A week after a picketing campaign began at his familys stores, Art Pope responded to critics in a letter that says he is shocked by the tactics being used against him.
The letter is a response to NAACP President Rev. William Barber, who handed Pope a letter a week ago when the two happened to confront each other at on a sidewalk in Raleigh. Barber and his associates are protesting Popes financing of conservative causes from profits at his Variety Wholesalers stores.
Pope is Gov. Pat McCrorys state budget director and a major conservative benefactor. He responded on his companys letterhead and signed as president of Variety Wholesalers, a role he stepped away from when he joined the McCrory administration.
The letter from Barber and other critics of the Republican administration and state legislature asked Pope to renounce policies that they believe hurt poor people and join the call for a special session to reverse course. Pope responded that he disagrees with some but not all of the critics positions. He said they share a common goal of alleviating poverty.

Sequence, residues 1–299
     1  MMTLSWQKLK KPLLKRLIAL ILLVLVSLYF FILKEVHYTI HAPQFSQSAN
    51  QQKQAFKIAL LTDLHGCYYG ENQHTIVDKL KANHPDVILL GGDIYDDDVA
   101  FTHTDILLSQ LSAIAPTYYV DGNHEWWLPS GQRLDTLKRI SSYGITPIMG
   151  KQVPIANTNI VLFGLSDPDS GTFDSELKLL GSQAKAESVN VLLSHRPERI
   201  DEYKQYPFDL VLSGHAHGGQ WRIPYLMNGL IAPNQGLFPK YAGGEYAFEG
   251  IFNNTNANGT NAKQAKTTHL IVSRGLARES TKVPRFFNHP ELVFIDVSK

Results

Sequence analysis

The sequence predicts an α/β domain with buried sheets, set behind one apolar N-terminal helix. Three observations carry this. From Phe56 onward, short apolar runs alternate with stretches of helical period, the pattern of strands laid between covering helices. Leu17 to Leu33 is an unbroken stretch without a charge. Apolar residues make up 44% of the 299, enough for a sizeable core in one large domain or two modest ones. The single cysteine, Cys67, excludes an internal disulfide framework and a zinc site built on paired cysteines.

But at the same time, Pope said he was saddened by the attacks on his company, arguing that it creates and brings thousands of much-needed jobs to communities throughout North Carolina.
I am shocked that you and your allies would demand any public official to support your political positions, by threatening a business which is not part of state government, Pope wrote.
The stores, such as Roses and Maxway, sell discount goods and pay the state millions of dollars in income and sales taxes to finance our public schools and other public services. He also touted the racial diversity of the stores workforce.
Pope wrote in the letter, in a free and small d democratic society, every citizen should be free to support the candidates of their choice, and advocate the policies they believe in, without retaliation.
One of the issues where Pope and his critics agree is the need for an independent redistricting committee. As he notes in the letter, Pope sponsored two bills to create such an entity in his years as a state lawmaker.